It wasn't pretty at times and there were a couple mistakes that could have been very costly, but overall, the Steelers played well and managed to climb back to a .500 record on Sunday night after winning in Cincinnati 24-17.
The Ravens did the Steelers a solid favor by getting hosed in Houston earlier in the day in a game that wasn't nearly as close as the 43-13 score would suggest. (As an aside, one has to wonder if the Ravens are in the process of falling apart. Their offense struggles on the road and their defense seems to get weaker every week. Their bye certainly came at a very good time for them.)
A win over the Washington Redskins next week will pull the Steelers to within a game of the idle Ravens, who don't play again until November.
Before we get to next week, though, let's look at what bits of information we can glean from last night's big win.
While Sunday night's game was hardly the "festival of penalties" we have grown accustomed to over this season, there were still plenty of mistakes to go around.
The Steelers had four penalties on special teams, and TE Heath Miller even got called for holding once.
Ben Roethlisberger made a terrible decision when he threw his third interception of the year. He tried to force the ball to Miller, who was double covered over and under. If Miller is double covered, you have to think someone is in man-to-man coverage.
Mike Wallace, who can outrun just about anyone whose last name is not Bolt, dropped four passes that should have been easy catches. (This from the guy who held out in the preseason looking for a new contract.)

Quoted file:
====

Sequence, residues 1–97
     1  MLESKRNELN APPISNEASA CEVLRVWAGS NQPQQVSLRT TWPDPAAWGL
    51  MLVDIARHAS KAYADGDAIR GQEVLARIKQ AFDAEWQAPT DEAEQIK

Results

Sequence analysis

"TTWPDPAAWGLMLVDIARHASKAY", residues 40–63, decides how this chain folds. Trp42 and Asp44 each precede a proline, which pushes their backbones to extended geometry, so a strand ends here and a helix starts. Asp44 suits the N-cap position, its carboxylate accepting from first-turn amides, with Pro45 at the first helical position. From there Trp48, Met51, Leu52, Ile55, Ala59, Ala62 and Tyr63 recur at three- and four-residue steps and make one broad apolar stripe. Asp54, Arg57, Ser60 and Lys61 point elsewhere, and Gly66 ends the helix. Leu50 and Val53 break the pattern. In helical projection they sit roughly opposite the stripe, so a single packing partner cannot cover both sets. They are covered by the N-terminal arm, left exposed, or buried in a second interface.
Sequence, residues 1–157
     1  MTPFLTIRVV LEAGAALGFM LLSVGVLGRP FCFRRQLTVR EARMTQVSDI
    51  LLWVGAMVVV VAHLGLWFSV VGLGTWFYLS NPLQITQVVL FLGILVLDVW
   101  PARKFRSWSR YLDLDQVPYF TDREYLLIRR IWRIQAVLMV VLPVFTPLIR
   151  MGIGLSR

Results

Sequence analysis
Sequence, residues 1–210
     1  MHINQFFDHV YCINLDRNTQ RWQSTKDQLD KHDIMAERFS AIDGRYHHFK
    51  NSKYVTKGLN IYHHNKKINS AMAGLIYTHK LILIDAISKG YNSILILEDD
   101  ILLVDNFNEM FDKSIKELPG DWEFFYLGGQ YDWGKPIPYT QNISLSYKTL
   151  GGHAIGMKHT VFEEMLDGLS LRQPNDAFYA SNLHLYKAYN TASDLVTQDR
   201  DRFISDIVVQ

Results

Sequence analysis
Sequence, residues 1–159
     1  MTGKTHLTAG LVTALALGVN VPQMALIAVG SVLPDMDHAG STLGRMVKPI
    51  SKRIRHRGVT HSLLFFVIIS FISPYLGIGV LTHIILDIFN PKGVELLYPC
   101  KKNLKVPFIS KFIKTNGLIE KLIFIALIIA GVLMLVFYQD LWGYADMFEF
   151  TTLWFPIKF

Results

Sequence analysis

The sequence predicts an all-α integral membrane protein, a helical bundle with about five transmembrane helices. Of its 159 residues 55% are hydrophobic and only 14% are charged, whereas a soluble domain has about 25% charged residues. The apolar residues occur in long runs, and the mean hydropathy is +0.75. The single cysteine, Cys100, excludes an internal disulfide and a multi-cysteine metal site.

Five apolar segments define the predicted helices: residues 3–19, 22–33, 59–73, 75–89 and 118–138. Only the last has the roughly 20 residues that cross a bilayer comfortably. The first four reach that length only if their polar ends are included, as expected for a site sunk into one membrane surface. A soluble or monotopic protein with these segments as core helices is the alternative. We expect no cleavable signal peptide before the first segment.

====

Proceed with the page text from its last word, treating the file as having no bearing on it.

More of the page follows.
What's amazing is that none of these things ended up costing the Steelers the win. Against any other team (the Texans, the Patriots, the entire NFC North), these kinds of mistakes could easily have spelled disaster.
It was nice to see the penalties decrease, but the Steelers must play a cleaner brand of football if they are to be counted among the elite in the NFL.
At 5'11" and weighing 235 pounds, Jonathan Dwyer showed why he may well be the next Jerome Bettis (who had almost the same physical dimensions).
Dwyer ran for 122 on 17 carries against the Bengals. That's an almost obscene 7.2 yards per carry. He looked just like Bettis used to look, blasting through holes in the line and punishing anyone who got in his way.
It could have been more. For a large chunk of the second half, Dwyer wasn't even on the field.